To all Rehab Nurses


I am a new graduate nurse who will be starting my first job in the hospital on a rehab unit. I am very excited, but am curious of many things. So for all you rehab nurses who work in the hospital setting:

what does your day typically include? alot of heavy lifting? how many patients? variety of age, or mostly elders? alot of tube feeds? alot of dressing changes? toileting patients often? hoyers?

ive heard rehab nursing is truly hard work compared to med-surg... and its kind of scaring me. so why is it hard?

loriangel14, RN

6,931 Posts

Specializes in Acute Care, Rehab, Palliative.

I work on a mixrd floor but typically we have about half rehab pts.Yes I do deal with a lot of dressings and we have the odd tube feed but it doesn't happen all the time.There is some lifting but mostly we use the Hoyer if they are going to hurt our backs.Our rehab program includes getting people used to doing as much of their own ADLs as possible so we get families to bring in clothes.Then we get patients into the habit of getting up and getting dressed each day.Our physiotherapists are on the floor working with the patients practicing transfers and helping them walk with walkers.Getting people in and out of bed,helping people ambulate,dealing with dressings and staples and meds can make for a VERY busy floor.But it rewarding seeing people up walking again after breaking a hip or having a knee replacement.Most of my patients are elderly and we usually have 5-7 pts.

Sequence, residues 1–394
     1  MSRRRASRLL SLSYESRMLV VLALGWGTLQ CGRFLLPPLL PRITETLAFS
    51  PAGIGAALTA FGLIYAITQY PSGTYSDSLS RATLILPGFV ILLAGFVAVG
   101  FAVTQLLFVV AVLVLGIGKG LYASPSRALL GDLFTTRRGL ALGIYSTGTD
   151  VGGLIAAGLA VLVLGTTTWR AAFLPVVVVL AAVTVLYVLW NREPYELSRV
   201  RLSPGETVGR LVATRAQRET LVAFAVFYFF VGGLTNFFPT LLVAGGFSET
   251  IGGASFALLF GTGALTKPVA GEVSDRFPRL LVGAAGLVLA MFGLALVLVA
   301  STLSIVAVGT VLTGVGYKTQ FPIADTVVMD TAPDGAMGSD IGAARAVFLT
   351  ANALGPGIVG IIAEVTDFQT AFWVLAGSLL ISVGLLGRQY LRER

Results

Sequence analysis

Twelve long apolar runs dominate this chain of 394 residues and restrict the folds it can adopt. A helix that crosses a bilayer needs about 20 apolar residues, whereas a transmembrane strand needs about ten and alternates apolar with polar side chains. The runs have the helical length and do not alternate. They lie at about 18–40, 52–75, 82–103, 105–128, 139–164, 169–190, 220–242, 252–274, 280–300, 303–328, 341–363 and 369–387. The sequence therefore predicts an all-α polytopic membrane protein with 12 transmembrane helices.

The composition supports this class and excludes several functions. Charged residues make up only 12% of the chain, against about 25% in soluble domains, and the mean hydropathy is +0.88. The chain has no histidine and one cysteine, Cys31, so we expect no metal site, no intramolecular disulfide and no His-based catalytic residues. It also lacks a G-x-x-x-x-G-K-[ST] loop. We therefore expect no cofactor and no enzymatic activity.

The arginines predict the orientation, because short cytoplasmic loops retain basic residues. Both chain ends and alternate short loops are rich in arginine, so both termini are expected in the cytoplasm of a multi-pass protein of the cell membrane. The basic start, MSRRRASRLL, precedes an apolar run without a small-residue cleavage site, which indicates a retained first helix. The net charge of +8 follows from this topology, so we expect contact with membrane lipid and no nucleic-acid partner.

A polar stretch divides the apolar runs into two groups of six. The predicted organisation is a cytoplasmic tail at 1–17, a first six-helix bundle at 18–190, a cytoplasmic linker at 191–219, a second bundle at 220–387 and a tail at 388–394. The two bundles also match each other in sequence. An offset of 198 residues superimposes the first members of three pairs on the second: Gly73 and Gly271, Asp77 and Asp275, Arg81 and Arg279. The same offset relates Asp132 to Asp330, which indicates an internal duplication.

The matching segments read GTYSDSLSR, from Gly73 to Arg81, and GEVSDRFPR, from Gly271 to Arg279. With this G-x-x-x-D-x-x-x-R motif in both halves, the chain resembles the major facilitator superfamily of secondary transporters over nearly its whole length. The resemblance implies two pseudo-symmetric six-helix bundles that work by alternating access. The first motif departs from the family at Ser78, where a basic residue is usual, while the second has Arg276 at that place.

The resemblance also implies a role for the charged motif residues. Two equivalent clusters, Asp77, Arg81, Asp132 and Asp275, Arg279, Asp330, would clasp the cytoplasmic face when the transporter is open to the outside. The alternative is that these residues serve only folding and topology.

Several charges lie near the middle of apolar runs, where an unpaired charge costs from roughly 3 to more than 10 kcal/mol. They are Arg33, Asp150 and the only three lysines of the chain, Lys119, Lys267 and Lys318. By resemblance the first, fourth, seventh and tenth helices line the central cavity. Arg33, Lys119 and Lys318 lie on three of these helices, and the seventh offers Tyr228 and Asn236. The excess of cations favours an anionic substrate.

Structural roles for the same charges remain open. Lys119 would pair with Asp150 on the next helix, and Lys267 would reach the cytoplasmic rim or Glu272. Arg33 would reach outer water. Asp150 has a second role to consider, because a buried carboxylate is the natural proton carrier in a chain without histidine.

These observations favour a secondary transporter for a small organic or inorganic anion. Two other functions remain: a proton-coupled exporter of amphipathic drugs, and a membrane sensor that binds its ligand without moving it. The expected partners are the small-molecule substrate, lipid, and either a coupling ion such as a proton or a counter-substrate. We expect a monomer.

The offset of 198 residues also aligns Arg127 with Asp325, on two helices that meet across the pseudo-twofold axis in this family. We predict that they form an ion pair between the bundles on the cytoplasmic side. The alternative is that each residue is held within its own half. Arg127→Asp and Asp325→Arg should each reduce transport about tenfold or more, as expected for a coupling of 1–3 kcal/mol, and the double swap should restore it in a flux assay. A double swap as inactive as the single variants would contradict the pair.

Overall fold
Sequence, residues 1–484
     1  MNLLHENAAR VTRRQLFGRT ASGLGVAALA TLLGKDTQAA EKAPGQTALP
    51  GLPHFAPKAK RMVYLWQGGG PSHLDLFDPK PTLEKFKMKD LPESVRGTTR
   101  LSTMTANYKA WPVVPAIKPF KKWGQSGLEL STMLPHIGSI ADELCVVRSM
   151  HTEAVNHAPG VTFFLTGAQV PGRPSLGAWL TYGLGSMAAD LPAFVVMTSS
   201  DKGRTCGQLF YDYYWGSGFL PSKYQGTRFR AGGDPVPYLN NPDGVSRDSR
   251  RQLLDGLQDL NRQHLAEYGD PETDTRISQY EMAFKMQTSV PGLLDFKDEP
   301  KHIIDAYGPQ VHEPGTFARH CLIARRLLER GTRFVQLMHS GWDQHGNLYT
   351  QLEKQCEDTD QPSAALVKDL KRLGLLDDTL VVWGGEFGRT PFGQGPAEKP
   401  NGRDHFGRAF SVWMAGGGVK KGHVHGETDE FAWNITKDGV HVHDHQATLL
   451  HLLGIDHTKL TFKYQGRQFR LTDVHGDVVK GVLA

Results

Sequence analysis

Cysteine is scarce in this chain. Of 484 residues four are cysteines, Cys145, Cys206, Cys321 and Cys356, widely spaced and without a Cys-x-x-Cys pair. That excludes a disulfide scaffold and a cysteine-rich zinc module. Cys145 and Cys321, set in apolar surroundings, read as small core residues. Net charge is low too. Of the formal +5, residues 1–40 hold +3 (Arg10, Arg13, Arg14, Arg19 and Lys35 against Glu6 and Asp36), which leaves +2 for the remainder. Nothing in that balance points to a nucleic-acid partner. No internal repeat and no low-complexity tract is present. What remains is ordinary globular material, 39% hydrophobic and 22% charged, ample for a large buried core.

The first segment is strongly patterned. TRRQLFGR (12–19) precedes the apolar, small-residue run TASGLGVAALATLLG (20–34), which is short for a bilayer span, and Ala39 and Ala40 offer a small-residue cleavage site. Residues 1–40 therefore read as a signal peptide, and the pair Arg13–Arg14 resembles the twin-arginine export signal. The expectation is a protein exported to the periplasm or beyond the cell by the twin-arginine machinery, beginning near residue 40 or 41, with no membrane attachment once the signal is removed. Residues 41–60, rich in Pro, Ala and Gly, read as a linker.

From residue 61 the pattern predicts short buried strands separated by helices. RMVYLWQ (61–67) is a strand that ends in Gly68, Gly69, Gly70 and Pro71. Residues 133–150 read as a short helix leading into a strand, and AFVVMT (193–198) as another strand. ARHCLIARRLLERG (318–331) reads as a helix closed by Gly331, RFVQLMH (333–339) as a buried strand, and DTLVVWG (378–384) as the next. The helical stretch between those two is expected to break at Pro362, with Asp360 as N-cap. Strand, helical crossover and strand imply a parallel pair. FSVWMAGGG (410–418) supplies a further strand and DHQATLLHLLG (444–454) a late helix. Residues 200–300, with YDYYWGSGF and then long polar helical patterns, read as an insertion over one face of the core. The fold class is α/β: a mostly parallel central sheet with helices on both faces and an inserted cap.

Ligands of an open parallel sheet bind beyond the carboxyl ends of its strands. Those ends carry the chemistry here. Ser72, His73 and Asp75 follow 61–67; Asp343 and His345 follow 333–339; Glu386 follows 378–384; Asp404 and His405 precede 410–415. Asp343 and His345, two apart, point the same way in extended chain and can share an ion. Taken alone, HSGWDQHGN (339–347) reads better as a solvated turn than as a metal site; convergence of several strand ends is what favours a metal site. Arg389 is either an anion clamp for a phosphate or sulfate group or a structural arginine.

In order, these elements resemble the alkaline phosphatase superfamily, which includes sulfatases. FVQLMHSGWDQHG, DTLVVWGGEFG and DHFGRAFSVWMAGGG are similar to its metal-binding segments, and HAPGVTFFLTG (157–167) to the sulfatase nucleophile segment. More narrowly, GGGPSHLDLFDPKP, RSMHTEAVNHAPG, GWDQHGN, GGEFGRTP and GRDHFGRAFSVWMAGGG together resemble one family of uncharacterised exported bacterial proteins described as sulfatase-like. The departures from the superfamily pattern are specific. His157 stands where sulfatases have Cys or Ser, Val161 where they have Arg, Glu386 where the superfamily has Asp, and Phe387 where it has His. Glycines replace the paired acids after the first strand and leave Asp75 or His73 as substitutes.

TheCommuter, BSN, RN

226 Articles; 27,608 Posts

Specializes in Case mgmt., rehab, (CRRN), LTC & psych. Has 17 years experience.

I've worked both subacute rehab in a LTC facility, and acute rehab inside a freestanding rehab hospital.

You'll have in excess of 15 patients if you're doing subacute rehab at a SNF. If it's a freestanding rehab hospital, you might have anywhere from 5 to 10 patients.

We see lots of CVAs, MVAs, and deconditioning after lengthy illnesses (pneumonia, COPD, etc.). We also see lots of postop cases such as knee and hip replacements, CABGs, laminectomies, and bowel resections. The age ranges from late teens to 90s, but the average age tends to be around 60.

Skills include peripheral IVs, PICC lines, central lines, wound care, hanging blood products, operating CPM machines, suture removal, Foleys, drains, respiratory treatments, and other stuff that escapes my mind.